These projects can be carried out in a maximum of three months because they are based on already known techniques and are known by environmental engineers. According to Öztürk, if one would build on a carbon removal facility, it would add an additional 5 to 10 percent cost to the facility. “However, if the project is done on a physical treatment, the conversion of the plant requires a big investment.”
In order to minimize the excess nitrogen and phosphorus, Turkey needs to implement advanced purification technologies, and the Sea of Marmara should be declared a sensitive area, Öztürk says. “While some areas had already been declared as vulnerable in 2016, we know that even in those sensitive areas, municipalities don’t treat the waters according to the sensitive area limit.”
This is especially important for gulf regions. Öztürk says that the wastewater in the gulf regions should be disinfected with UV rays, not with chlorine or other disinfectants since this could cause the water to develop carcinogenic substances, and should be used as irrigation water in agricultural areas or in industry.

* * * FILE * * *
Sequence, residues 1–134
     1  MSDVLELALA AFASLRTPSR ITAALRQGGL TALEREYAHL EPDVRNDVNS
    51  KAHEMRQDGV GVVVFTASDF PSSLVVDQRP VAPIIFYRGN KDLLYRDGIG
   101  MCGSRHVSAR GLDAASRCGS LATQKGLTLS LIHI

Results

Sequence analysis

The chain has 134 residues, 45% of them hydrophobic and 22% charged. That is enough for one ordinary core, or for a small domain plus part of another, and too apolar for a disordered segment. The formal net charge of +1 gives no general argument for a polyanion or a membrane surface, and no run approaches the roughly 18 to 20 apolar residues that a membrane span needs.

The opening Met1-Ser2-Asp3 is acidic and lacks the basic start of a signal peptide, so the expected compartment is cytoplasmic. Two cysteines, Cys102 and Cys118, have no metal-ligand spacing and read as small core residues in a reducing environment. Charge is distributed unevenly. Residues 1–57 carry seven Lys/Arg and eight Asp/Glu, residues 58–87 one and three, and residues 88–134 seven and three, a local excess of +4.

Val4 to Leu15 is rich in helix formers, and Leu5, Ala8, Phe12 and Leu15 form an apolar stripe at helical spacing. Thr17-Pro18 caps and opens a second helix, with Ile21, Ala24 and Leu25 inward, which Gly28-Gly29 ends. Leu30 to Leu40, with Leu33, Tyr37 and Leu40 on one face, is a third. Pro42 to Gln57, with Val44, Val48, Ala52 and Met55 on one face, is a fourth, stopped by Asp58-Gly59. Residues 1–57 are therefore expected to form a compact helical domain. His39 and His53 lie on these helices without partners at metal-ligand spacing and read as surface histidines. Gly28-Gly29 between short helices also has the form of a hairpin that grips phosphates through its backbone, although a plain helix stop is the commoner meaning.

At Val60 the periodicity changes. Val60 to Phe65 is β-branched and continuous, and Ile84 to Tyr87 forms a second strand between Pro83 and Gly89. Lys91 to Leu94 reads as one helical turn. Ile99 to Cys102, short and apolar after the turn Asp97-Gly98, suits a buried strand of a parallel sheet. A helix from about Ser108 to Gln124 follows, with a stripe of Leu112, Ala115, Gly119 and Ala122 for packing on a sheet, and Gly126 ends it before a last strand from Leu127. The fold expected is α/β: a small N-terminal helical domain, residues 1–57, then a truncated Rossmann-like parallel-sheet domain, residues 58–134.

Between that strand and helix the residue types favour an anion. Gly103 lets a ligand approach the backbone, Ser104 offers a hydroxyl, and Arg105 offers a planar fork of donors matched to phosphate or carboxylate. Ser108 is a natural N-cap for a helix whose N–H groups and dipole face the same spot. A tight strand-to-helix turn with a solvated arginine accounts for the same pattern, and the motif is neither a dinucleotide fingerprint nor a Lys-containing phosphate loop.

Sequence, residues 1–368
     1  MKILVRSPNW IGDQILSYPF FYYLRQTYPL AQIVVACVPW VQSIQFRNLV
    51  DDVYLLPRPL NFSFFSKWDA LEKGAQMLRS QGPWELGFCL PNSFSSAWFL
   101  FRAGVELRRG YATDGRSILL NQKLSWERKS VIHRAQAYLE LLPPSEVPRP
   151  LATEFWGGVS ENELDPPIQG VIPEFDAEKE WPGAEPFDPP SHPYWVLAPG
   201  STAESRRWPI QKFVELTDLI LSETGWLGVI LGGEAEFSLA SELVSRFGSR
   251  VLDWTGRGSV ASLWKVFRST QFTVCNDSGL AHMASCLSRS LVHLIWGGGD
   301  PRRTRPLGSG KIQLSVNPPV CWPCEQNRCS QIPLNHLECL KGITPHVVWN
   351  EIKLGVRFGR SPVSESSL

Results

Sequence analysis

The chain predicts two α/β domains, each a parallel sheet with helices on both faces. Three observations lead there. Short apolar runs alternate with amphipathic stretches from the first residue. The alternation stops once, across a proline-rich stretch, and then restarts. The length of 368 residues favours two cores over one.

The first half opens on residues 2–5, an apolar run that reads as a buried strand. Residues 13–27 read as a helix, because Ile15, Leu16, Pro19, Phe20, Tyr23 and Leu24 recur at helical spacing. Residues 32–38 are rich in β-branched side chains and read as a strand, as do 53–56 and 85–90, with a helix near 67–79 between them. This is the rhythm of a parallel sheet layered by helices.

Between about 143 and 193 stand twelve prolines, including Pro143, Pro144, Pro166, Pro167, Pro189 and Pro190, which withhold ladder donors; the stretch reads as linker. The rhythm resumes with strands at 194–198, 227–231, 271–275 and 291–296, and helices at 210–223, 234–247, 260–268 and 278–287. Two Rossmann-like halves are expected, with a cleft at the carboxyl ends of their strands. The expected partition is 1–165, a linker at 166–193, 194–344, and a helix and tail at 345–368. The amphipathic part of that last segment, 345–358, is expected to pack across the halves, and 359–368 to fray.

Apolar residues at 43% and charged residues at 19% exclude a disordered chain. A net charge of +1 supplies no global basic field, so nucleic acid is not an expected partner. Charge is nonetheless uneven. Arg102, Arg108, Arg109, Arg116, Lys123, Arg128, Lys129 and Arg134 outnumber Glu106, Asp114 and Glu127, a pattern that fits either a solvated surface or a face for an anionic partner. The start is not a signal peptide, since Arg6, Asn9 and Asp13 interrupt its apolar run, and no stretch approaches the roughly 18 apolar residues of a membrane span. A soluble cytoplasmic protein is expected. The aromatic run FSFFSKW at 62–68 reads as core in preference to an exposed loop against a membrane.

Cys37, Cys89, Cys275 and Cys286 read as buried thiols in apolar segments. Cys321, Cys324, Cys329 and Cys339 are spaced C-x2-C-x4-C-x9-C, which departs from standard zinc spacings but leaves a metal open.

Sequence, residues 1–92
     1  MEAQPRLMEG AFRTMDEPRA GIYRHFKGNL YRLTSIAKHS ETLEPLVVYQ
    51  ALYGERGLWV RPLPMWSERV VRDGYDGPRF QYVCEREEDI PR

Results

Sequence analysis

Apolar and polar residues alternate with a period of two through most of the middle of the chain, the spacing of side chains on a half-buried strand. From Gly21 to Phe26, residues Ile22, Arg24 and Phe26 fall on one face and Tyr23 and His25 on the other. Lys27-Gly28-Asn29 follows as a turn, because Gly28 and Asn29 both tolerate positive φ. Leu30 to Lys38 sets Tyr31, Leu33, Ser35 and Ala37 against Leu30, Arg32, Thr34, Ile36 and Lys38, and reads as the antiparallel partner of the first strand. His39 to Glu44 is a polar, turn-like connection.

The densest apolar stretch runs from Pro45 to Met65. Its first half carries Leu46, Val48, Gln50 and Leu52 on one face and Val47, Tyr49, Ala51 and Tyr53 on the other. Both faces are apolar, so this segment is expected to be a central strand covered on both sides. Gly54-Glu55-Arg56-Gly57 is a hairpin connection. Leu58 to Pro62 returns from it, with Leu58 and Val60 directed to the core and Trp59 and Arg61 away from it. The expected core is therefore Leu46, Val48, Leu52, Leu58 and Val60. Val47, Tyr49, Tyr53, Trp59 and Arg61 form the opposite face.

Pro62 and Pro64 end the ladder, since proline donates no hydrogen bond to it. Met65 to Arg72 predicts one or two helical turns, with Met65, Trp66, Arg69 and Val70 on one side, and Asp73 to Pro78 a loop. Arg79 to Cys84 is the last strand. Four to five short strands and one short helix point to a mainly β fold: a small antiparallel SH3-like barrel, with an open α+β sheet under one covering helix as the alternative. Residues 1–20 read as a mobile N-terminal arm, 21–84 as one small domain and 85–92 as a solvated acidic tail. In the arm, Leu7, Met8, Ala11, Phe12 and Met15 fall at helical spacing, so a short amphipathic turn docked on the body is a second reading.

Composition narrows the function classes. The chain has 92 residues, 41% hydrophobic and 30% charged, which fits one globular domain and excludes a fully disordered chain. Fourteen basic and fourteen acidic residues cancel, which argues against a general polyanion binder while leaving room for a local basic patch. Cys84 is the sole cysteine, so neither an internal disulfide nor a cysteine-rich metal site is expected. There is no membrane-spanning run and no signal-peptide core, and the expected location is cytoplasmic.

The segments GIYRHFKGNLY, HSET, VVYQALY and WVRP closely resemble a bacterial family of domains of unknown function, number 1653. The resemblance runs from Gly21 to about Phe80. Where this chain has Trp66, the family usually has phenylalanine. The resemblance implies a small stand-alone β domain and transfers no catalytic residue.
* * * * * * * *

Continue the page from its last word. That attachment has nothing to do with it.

All these projects can be done in two years, according to Öztürk, and Marmara’s water would be renewed in the next year since water entering from the surface, which comes from the Black Sea, leaves the Marmara in 5 to 6 months and goes to the Mediterranean. “If we manage to renew Marmara’s water, it will be 10 times cleaner, healthier, and of higher quality in just two years,” Öztürk says.
While some governors say waiting out the problem could solve the issue, it is definitely not the way to go since unless a more direct approach is taken against the sea snot, the problem will surely resurface in the years to come, as climate change worsens and the seas become hotter.
“The main trigger is warming related to climate change, as phytoplankton grow during higher temperatures,” explained Neslihan Özdelice, a marine biologist at Istanbul University, to the Guardian. “This is also an outcome of overfishing because as filter feeders which consume phytoplankton are excessively hunted, it allows room for [phytoplankton and sea snot] to breed.”